Trying to pick your favorite song by The Divine Comedy is like asking Mama Kardashian to choose her most pointless child to whore out: there's just an embarrassment of riches to select from. Chances are you're not familiar with The Divine Comedy and the brilliance of the man behind the band, Neil Hannon. Sadly, I don't share the talent of the other contributors here for writing beautiful sentences that convey through mere words the often immense feelings and vibrant imagery that music can summon. Nor do I have the technical expertise to describe their sound. So forgive me as I
In college a buddy of mine bought tickets to see the Grateful Dead in Birmingham. He asked me if I wanted to go, but I was short on cash and there were tests to study for so I said no. I'll catch them next time I figured and let him have his fun. The year was 1994. Jerry Garcia died a few months later. The Grateful Dead never came 'round again. To know me is to know I am a Deadhead. I've been kicking myself ever since that day I said no. You'd think I would learn a lesson from
Randy Travis is a country music legend whom burst onto the scene in 1986 leaving an indelible impression and helping change the face of country music at the time, ushering in what has been referred to as the neo-traditional style which was born as a reaction to the perceived blandness of mainstream country music and pop-country acts such as Anne Murray and Ronnie Milsap. Randy was born in Marshville, NC and after a tumultuous childhood fell into the right situation at the right time after he won a local talent contest and the owner let him cook there by day
5 of the best from one of the best...
I distinctly remember the buzz surrounding their magical, misunderstood debut Licensed To Ill and like most kids, the first song I heard from them was the classic single "Fight For Your Right." I remember dubbing a copy on cassette from a friend, sneaking it into the house (no way my parents were letting me buy this one!), and repeatedly listening to it. They were pretty far from most of what comprised my middle school listening and I didn't know what to make of it. Heather is our resident Beasties expert and she may well school me on how wrong I
Listfully Speaking - Albums That Got Away: Stevie Wonder, Black Sabbath, Marvin Gaye, The Band, Patti Smith
Here are 5 albums I'm ashamed to admit I haven't heard...
So many great albums and not enough time: that's the theme of today's Listfully Speaking. The first edition of this series was my Blues 101 list and the first five albums I would hand someone looking to explore the rich beauty of the blues. They are so amazing it makes me sick that I let so many years of my life go by without hearing them. The universal catalog of song is voluminous and grows every year; the challenge of exposing myself to and absorbing it all is daunting and probably impossible but it's worth it to fight the good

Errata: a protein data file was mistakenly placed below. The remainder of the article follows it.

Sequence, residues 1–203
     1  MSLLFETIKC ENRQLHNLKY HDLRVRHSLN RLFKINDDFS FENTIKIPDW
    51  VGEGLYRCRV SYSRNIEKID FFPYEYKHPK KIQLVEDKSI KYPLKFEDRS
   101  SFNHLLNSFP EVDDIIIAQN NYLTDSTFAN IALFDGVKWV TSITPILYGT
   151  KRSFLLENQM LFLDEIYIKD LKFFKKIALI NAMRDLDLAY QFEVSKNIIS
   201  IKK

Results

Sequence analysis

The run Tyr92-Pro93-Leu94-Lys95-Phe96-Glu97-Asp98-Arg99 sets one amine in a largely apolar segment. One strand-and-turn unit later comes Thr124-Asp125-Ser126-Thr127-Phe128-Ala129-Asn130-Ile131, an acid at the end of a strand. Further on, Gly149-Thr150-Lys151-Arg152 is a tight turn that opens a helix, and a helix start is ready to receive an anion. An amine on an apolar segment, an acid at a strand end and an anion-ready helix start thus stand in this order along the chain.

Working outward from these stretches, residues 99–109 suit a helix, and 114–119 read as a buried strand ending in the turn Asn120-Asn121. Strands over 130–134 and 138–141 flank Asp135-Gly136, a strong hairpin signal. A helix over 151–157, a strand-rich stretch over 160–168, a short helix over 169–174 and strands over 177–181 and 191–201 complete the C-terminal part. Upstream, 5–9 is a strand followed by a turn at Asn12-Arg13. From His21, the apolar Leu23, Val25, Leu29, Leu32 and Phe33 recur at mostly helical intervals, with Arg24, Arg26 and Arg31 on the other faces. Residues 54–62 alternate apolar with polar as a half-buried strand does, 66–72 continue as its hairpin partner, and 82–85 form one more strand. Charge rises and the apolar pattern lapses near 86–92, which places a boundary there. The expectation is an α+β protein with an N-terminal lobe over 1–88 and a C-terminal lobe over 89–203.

You didn't ask but I found 5 good songs by Bryan Adams. You're welcome.
One benefit to having flawless taste in music is never having to write a "guilty pleasure" list or be embarrassed when you admit to liking certain songs. This is going to shock you, boys and girls, but Bryan Adams was not always a wanker. No, really. It's true. I'm not saying he was all the way good, only that he wasn't always a total wanker. I hear you. Yes, he wrote some utter shite and schmaltz and right you are about all those fucking movie songs. I can't defend anything about the Robin Hood movie or song. "Have You Ever
I'm not a hardcore Mellencamp fan but here are 5 songs you have to know...
BlindedBySound staffer, friend, and loyal sidekick Melinda dubbed me Encyclopedia Nerdicus after suffering through a bevy of my obsessive, opinionated, (and in my mind at least, informative) rants about music and my addict's mentality when it comes to building my musical library. My best friend 11, himself an occasional contributor here, is astonished that my collection boasts albums by artists I don't even like all that much. What can I say? I'm destined to die poor, amigos. So what the fuck does that have to do with anything? I got to thinking this week about songs I can't live without
When I wrote the April edition of this column I mentioned having hope that I might get May's article out at the beginning of June. Here we are in the middle of July and I'm just now getting to it. All I can say is that I'm sorry and offer some tepid explanation.My wife teaches at university and as the spring semester starts winding down I always have these dreams of how wonderful it will be when she's off for the summer. I fantasize about all the free time I'll have. I smile thinking about all the movies I'll watch,
5 albums to help begin your journey through the blues...
I had no help when I began my journey through a century of blues. I had no compass or map but this was a trip I needed to take and I was willing to risk getting lost. That didn't happen too many times but I did have a few missteps while also repeatedly striking gold. The journey continues but here's a little travelogue for those of you considering booking your own blues vacation. This is my Blues 101 list of 5 Blues Albums You Must Own. A music with such a rich, deep tradition has innumerable entry points. This isn't
So, in tribute to a great singer and a great song, let's all take moment to touch ourselves, both for our health and a little bit of cheeky self-entertainment.
While there's nothing like immersing yourself in an album full of fantastic tracks by a much-loved artist or band, there's also nothing like the giddy thrill of hearing that one-hit wonder from years ago as you're flipping around the dial. The sad news of the recent death of Chrissy Amphlett brought back memories of one of the most remarkable of the latter. The year was 1990 and the song was 'I Touch Myself' by The Divinyls. While Madonna was touring the world on her Blonde Ambition tour, singing about being spanked ("Hanky Panky") and flaunting her wizard's-sleeve-vagina at every opportunity,